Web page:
Monthly Archives: September 2016

How can we create a better food culture in the UK?

camber beach

On our trip to Rye, we ventured over to Camber Beach a few times, excited about the prospect of warm late summer days of sand and surf. It definitely felt weird to be on the beach in England (I grew up with summer holidays visiting grandparents in Bahamas, so summers are permanently associated with lots of sun, sea and fish in my mind), but we loved every second of it. We might even head over to the beach in Cornwall next summer – how daring of us! 😊

The beach was packed both days we were there with lots of families taking advantage of the hot days before kids head back to school. I’ve been pondering how to write the next part of this blog post without judgement, so here goes. It was rather alarming to see how many very overweight toddlers, children and teenagers there were and what their parents were giving them to eat – lots of pop, sweets, cakes and crisps.

It got me thinking about food traditions, cooking and how we can teach our children to cook and eat in nourishing, tasty ways.

It’s no secret that food and nutrition education in England is patchy at best. Jamie Oliver’s programme Jamie’s School Dinners ten years ago put a spotlight on this and a follow up interview last year, he said that one of the reasons this initiative failed is that “in Britain, eating well and feeding your kid right and being aware about food is all considered very posh and middle class, but the reality is that in most of Europe some of the best food comes from the poorest communities.

This makes me really sad. Food and nutrition doesn’t have to be complicated or defined by class. There are amazing food traditions in European countries that are enjoyed by the rich and the poor. The Greek obsession with fresh ingredients and traditional Greek dishes immediately springs to mind.

In the same article, Jamie Oliver then goes on to say, “we need to make fresh food more affordable than processed food because the most at-risk people right now won’t be my kid or yours [speaking of lower income families]”.

And this is the heart of the issue. We have a class-based food culture that is creating an obesity time-bomb.

In England, cooking habits are seemingly not passed on through families like they are in Italy and France and cooking is generally seen as a chore rather than a pleasure. Without this essential skill, families start to over rely on cheap, processed food, ready meals and takeaways to feed themselves. This lack of food knowledge goes on and on through families – children don’t know where their food comes from, can’t identify fruit and vegetables and are overfed and undernourished.

I wish I was exaggerating.

Cooking and eating delicious, nourishing food is such a pleasure, and this pleasure needn’t have any class based connotations.

How can we get people to start taking a long term view on what they eat, realising that the benefits of spending money on fresh food that will make a few meals vs. buying takeaways each night. Enjoying the savings both financially and health wise in growing your own fruit and veg?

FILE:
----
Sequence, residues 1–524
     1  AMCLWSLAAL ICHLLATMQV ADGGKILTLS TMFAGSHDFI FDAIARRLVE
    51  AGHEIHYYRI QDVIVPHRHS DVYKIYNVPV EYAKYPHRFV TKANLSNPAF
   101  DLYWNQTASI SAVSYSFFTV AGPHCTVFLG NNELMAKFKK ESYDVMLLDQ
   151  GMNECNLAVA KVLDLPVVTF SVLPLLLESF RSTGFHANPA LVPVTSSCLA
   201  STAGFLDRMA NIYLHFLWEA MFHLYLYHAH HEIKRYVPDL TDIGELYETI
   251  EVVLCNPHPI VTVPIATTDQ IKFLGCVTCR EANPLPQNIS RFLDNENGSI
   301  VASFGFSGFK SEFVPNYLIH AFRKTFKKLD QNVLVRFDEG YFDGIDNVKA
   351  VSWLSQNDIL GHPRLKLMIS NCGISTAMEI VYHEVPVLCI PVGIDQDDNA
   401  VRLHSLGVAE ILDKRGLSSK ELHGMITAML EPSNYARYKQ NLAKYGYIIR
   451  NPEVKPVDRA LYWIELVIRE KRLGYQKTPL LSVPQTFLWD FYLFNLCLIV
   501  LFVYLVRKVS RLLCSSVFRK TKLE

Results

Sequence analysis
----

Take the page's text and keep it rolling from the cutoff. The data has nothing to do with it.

I don’t have the answers, but it seems like that part of the solution could be simple food and nutrition education for parents and children –  using so-called pester power in a positive way.

What do you think?

Stories I loved this week.

rye castle

How’s your week been? We have a very low-key weekend planned – a lot of cooking, hanging out, bike riding and family time. I’m really looking forward to it.

We’re also continuing our tradition of sampling the best brunch places in London. It’s a fun thing to do and a nice treat for the weekend. Any recommendations?

The complicated relationship women have with their Afro hair. I’m currently debating whether to go natural – it’s a big decision. (The Pool)

I just got this book – can’t wait to dive into more research into the microbiomes within us.

A wrenching first person account of a miscarriage. Honest and sad reading. (Refinery29)

I really want to make these cumin roasted potatoes. (Lucky Peach)

Great t-shirt. (& Other Stories)

Have you seen The Mask You Live In? I’ve just added it to my Netflix watch list.

Great advice on how to protect your wellness brand. (Well To Do)

How do you stay healthy when you drive everywhere?

62 miles to London

We’ve just spent a lovely three days in Rye, a small, whimsical city on the South Coast of England. We drove down from London for some sorely needed time to recharge our batteries and enjoy some family time in the dog days of summer.

It was nice to get out of London for a bit, explore a new area and be reminded that there is life outside the Big Smoke.

Having a car for our mini break gave me a different vision of what life might be like. We don’t have a car, so we walk or take public transport everywhere we need to get to in London.

There are positives, like the sheer convenience and ease of getting from one place to another.

And there are a lot of negatives. The environmental cost is a big one. Another big negative is the lack of exercise. When I compare my step count (yes, I do check this quite often in the Health app on my iPhone) for the last three days to the same time last week, the difference is breathtaking.  I try to get at least 10,000 steps / 5km a day – it’s arbitrary, but it works for me.

With a car, I’ve missed the latent exercise I seem to regularly fit in, from running for the bus, standing on the tube and walking up the stairs at work.

If you drive regularly, how do you fit in exercise? Is it something you have to schedule into your diary as a can’t miss appointment? A car might be in our future, as our lives get busier and I’m keen to make sure it doesn’t have a detrimental effect on our health.